The thriller Zero Dark Thirty has exposed a wide gap between film critics and their counterparts in politics. Nearly every American film critic has lauded and rewarded it, including the New York Film Critics Circle, which tapped it as the best film of the year, making it a front-runner for Oscar nods. In sharp contrast, a number of major political writers have reviled the film, including New Yorker writer Jane Mayer and Guardian columnist Glenn Greenwald, while Senators Dianne Feinstein, John McCain and Carl Levin wrote a letter of complaint to the film’s distributor, Sony Pictures, calling the movie “grossly inaccurate and misleading in its suggestion that torture resulted in information” that led to the raid that killed Osama bin Laden. The division between political writers, politicians and critics only got more pronounced as the CIA’s acting director, Michael Morell, published an unusual disavowal of the film. When it comes to torture, Morell wrote, “the film takes significant artistic license, while portraying itself as being historically accurate.”
All these skirmishes make me wish we could weave these two forms of commentary — film criticism and political thought — together again more strongly. In the postwar decades, the best reviewers of the day saw addressing the politics within the cultural works they reviewed as part of their jobs. Such writers included Dwight McDonaldMacdonald, Mary McCarthy, James Agee, Parker Tyler, Robin Wood and even Pauline Kael, whose critique of films on the right (the classic The Deer Hunter, of which she said, “It has no more moral intelligence than the Clint Eastwood action pictures, yet it’s an extraordinary piece of work …”) and on the left (Missing) didn’t cleanse them of their political agendas.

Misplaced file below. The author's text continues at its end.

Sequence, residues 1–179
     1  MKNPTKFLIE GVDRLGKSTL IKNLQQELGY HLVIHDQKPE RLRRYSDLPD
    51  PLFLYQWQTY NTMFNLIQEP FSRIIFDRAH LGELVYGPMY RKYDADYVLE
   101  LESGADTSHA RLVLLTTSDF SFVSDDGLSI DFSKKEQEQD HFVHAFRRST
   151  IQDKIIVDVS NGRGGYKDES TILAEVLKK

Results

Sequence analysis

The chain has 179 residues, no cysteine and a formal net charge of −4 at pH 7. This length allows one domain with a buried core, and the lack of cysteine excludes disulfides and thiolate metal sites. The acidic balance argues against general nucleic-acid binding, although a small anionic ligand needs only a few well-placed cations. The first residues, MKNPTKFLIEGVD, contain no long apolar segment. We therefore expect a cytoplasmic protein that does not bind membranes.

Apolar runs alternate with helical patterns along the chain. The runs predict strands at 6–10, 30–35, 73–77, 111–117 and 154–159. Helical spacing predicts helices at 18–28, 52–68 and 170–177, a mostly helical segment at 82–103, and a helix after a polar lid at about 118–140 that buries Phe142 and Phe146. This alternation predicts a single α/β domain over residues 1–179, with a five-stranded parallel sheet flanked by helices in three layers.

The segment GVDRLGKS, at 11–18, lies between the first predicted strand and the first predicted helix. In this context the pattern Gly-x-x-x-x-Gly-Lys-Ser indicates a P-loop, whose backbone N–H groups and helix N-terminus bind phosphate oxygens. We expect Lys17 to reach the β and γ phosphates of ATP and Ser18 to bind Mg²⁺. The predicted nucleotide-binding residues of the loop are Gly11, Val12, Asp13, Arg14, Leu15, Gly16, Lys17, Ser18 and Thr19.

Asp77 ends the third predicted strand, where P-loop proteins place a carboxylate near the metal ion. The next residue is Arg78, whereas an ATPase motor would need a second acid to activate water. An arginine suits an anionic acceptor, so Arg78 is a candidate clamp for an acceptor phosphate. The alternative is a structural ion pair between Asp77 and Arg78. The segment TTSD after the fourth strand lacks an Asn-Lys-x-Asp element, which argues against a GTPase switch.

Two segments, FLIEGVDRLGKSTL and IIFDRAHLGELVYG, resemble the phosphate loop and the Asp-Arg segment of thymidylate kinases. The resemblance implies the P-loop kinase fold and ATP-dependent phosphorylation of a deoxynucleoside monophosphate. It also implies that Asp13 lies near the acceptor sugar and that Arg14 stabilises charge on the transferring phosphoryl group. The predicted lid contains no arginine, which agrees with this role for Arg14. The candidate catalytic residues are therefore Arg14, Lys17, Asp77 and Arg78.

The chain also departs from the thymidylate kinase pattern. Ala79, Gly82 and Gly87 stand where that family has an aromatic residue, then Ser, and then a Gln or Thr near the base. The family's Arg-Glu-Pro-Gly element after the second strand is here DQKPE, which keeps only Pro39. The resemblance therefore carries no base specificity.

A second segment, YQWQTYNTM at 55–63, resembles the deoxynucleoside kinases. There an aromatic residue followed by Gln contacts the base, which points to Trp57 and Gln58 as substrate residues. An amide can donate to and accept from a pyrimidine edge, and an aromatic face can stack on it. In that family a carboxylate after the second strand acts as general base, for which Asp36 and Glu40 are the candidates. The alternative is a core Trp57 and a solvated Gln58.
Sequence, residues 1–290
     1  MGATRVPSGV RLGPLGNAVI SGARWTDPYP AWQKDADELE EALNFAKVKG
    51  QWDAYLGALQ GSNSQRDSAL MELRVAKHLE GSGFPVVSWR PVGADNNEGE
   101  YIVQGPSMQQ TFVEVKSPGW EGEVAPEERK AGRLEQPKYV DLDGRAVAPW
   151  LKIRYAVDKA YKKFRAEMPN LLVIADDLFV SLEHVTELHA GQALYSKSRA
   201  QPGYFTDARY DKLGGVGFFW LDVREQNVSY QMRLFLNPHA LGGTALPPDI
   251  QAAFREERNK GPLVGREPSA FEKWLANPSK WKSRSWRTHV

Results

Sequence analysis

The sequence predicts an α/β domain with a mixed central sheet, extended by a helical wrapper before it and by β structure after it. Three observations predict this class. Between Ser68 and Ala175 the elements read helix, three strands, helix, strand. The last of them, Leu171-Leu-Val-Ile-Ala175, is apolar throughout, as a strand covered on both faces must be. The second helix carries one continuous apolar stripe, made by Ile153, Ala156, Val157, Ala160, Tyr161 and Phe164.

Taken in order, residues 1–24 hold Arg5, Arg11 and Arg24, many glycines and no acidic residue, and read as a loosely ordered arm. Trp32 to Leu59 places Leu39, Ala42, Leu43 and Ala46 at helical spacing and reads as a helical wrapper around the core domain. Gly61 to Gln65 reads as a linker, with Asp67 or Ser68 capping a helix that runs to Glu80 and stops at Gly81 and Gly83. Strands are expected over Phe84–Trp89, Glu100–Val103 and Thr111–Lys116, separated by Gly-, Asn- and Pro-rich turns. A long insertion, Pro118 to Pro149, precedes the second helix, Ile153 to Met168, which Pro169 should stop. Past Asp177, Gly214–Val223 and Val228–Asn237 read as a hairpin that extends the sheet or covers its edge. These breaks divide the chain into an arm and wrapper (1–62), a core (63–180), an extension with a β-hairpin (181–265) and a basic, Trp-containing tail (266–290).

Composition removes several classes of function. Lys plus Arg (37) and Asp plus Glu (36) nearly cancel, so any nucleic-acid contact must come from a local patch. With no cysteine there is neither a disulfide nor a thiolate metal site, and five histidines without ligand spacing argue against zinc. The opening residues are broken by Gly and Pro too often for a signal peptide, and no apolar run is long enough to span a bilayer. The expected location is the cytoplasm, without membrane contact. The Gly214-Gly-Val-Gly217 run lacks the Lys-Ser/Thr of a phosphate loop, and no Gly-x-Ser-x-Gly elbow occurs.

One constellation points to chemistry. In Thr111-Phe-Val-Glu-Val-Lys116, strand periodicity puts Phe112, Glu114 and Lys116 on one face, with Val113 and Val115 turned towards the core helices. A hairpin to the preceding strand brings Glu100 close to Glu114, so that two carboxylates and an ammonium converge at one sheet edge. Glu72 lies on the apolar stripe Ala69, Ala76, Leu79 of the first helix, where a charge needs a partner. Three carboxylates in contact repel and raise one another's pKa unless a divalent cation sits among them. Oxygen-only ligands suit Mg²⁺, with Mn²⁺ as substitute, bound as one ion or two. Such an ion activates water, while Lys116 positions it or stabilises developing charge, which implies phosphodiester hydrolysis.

Writers like McCarthy, who was both a theater critic and a political writer, were more attuned to the ideological sources behind play and film, as they came up in the Depression and the war years, according to Hunter College Professor Richard Kaye, who is working on a project about McCarthy. After all, art was explicitly tied to politics within fascism as well as within communist states. Watching the power of ideology at work within fascism made writers more likely to combine politics with aesthetics. They understood the propagandistic potential of overwhelmingly dramatic popular entertainment.
Today, in part because because popular art has largely been decoupled from politics, film critics tend to be narrower in their expertise. They are also operating in an America where “partisan” and “political” have been made to equal each other in a toxic way. Thus, critics and many political thinkers can’t necessarily agree on a critical focus. Zero Dark Thirty’s portraits of CIA officers torturing detainees in the film — ultimately (if in a roundabout fashion) leading to the officers finding and killing bin Laden — enraged pundits like the Guardian’s Greenwald. He slammed film critics for praising the film while ignoring what he believed to be its troubling political message. Why were critics celebrating pacing, mise en scene and script but not addressing the political fundamentals of a film that appeared to endorse torture as a productive tool? In return, Time’s lively popular culture critic James Poniewozik hit back, writing that Greenwald’s perspective was “a simplistic way of looking at art, but it’s not surprising, because Greenwald is a political writer (or at least an ideological public-affairs writer), and this is the political way of looking at art.” He continued: “Film history is full of movies that are false, amoral, brutal, sadistic, yet are triumphs of vision and storytelling.”
Poniewozik is not wrong, of course. There have been films, from Birth of a Nation to Triumph of the Will, that are aesthetically compelling but politically and ethically odious; some would add the recent films of Quentin Tarantino to this list. And political writers rarely believe art takes precedence over current events or history.